Have you ever heard of Wynne Godley? Those who read the front page of the Business section of the NY Times on Wednesday, September 11, might have seen the picture and noted the name. For others, he will be an unknown.
[The article can be found here “Embracing Economist Who Modeled the Crisis” NYT, 9/11/13 Jonathan Schlefer B-1-2. All quotes that follow are from that article.]
The reason the NY Times featured Godley is because his approach to understanding economic processes or how the world works is in marked contrast to that of most economists.
To most economists, even macroeconomists who study the entire economy rather than just pieces of it, there are three crucial words that describe most economic processes – supply, demand and equilibrium.
At the macroeconomic level, supply refers to the size of the labor force, the state of technology, and the nation’s capital stock. Obviously total supply (or potential output) grows every year as the labor force grows, as knowledge increases and as last year’s investments become this year’s capital goods. (There is also growth in potential output if more land is brought into production or if new sources of natural resources are discovered.) Demand for the economy as a whole is just the sum of consumer, investment, government (and foreign) decisions to buy goods and services produced within a particular country.
The important word for this discussion, however, is EQUILIBRIUM. As the NY Times piece noted:
“Mainstream models assume that as individuals maximize their self-interest, markets move the economy to equilibrium. Booms and busts come from outside forces. Banks are an afterthought.”
[The word “model” here refers to a simplified picture of how the economy “works” – though some “simplifications” can be represented by 200 separate equations!]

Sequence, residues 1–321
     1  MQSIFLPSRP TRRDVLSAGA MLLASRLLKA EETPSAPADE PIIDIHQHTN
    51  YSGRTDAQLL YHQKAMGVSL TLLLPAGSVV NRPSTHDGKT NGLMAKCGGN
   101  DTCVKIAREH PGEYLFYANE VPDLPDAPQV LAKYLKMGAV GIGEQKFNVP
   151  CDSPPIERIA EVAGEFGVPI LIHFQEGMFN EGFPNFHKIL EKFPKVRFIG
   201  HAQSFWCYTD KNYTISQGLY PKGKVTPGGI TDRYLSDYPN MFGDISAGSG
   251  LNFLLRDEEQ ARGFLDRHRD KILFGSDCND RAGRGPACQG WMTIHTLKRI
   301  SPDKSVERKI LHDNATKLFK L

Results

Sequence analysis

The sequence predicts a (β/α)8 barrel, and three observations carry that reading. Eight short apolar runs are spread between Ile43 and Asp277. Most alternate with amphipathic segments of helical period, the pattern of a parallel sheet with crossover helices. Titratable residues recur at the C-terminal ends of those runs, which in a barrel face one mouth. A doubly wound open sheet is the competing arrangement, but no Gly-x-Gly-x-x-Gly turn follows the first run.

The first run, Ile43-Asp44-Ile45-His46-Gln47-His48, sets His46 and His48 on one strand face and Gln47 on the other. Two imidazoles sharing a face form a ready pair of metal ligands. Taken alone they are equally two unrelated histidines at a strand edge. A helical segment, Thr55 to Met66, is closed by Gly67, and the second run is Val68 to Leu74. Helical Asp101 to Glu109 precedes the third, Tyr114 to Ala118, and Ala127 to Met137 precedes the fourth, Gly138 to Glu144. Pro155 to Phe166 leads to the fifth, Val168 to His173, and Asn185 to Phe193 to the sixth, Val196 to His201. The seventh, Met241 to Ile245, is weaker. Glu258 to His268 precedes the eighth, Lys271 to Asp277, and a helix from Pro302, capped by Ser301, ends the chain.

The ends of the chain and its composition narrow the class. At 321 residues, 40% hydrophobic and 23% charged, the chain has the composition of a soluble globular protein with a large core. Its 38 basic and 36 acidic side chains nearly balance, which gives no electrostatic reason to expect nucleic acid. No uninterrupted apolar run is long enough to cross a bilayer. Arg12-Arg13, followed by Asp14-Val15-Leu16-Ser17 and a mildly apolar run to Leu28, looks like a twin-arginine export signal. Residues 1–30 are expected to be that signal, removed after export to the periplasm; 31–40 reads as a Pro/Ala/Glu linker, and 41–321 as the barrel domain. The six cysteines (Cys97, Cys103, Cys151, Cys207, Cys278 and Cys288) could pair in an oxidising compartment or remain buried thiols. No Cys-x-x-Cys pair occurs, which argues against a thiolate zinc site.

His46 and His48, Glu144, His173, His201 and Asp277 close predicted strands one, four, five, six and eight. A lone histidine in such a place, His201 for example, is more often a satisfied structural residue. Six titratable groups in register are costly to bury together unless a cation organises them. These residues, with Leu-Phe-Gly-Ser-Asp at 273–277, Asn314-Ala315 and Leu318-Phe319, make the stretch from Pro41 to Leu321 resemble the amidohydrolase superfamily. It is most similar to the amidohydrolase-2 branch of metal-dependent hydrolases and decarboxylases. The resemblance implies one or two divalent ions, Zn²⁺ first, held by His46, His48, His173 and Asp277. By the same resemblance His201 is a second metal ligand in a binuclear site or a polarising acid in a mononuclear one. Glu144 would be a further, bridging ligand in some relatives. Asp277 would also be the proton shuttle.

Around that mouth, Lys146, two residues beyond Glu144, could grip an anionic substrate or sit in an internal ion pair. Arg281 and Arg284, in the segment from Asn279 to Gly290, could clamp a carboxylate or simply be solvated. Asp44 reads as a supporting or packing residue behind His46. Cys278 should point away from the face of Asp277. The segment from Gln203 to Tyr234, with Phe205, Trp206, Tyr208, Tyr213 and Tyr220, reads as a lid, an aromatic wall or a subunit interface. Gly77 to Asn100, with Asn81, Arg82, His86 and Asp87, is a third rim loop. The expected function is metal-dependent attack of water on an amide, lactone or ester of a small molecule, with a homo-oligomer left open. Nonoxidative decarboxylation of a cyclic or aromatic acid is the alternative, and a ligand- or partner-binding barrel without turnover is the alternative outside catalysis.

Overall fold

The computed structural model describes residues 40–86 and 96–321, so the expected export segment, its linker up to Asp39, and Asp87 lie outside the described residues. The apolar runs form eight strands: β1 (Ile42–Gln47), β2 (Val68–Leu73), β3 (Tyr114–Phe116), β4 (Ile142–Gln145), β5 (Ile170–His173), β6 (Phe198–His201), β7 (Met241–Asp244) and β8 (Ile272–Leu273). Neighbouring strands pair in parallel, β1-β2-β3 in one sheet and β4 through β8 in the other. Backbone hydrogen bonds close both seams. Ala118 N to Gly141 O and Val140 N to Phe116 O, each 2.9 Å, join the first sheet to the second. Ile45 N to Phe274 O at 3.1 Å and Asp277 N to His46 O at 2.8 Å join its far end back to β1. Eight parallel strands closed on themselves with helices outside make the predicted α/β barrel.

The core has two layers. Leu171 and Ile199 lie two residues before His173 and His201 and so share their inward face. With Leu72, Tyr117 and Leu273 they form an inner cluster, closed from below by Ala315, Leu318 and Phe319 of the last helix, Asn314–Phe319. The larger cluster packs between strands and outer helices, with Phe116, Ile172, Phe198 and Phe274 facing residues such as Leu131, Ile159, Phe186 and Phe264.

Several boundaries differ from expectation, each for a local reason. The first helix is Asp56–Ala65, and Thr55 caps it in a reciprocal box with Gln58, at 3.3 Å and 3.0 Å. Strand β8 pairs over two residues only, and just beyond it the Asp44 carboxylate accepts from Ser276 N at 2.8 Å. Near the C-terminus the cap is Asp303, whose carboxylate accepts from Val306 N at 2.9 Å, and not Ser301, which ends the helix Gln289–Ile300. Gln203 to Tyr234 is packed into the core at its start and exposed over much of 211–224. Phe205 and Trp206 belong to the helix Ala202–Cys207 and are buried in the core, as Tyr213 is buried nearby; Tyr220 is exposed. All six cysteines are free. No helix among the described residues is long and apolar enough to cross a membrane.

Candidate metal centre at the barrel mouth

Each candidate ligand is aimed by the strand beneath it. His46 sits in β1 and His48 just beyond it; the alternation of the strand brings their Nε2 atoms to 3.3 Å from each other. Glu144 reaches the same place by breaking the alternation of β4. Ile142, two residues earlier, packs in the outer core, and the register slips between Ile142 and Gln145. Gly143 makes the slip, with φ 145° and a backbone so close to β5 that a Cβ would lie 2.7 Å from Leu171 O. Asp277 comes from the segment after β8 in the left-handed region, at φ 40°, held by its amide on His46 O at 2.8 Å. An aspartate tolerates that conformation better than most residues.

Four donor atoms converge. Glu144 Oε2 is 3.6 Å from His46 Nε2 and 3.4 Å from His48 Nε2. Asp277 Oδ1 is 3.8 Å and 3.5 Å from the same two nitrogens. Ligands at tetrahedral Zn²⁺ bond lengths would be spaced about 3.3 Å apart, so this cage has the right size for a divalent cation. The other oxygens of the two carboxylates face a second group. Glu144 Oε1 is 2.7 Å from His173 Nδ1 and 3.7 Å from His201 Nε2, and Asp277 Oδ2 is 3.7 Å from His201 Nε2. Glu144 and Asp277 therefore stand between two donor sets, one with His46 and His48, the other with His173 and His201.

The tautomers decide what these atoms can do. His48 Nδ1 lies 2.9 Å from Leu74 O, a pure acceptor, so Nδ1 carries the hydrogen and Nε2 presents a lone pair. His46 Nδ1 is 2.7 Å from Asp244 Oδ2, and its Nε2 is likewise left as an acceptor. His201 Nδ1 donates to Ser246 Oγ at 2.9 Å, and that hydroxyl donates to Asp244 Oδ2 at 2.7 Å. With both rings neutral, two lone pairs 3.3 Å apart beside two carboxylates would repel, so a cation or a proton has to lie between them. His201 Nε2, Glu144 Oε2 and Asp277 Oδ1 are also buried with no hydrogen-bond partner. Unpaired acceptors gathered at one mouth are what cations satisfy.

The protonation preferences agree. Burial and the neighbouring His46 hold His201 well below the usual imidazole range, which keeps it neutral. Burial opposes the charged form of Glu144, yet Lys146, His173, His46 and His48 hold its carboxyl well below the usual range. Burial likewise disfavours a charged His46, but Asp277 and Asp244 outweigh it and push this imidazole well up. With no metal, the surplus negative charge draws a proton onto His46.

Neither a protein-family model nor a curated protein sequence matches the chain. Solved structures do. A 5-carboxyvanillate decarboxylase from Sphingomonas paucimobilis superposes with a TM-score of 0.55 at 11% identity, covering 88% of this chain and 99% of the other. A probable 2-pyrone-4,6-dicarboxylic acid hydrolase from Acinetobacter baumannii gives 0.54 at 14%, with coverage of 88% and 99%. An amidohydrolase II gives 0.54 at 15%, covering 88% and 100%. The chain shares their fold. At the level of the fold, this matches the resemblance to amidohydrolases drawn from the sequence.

Godley, on the other hand developed a model of the economy which predicts the kind of events that occurred during the economic crisis of 2008 –
The Godley model (according to the Times)
“…sees banks as central, promoting growth but also posing threats. Households and firms take out loans to build homes or invest in production. But their expectations can go awry. They wind up with excessive debt and they cut back. Markets themselves drive booms and busts.”
This is a nutshell is the difference between what my co-author Howard Sherman and I have called Conservative economics and Progressive economics. Conservative economics creates simplified models of the economy by assuming that people can predict (or at least estimate) the impact of the decisions they make. Such economic theorizing led more than one economist to declare that NO ONE could have predicted the financial meltdown of 2008. It is true that the economists who believe economies tend to such equilibrium could not predict the financial meltdown.
Progressive economics, of which Mr. Godley’s model is an example, does predict such a result. Now it cannot, of course, predict when such a result will actually occur. But the main point is that the Godley model demonstrates the possibility and under certain circumstances the strong likelihood of such an event. Godley’s model starts from the proposition that in the real world, people who make decisions do NOT have a well thought out way to predict the future based on the present.
[This issue actually turns on an issue that Keynes in his book The General Theory of Employment Interest and Money developed – the difference between risk (which can be modeled using probability --- this is how expert “card counters” at Blackjack win) and “fundamental uncertainty” about the future. In a situation of such fundamental uncertainty, there is no way to “scientifically” predict the future. All you can do is “predict” the path of current trends – which may or may not continue!]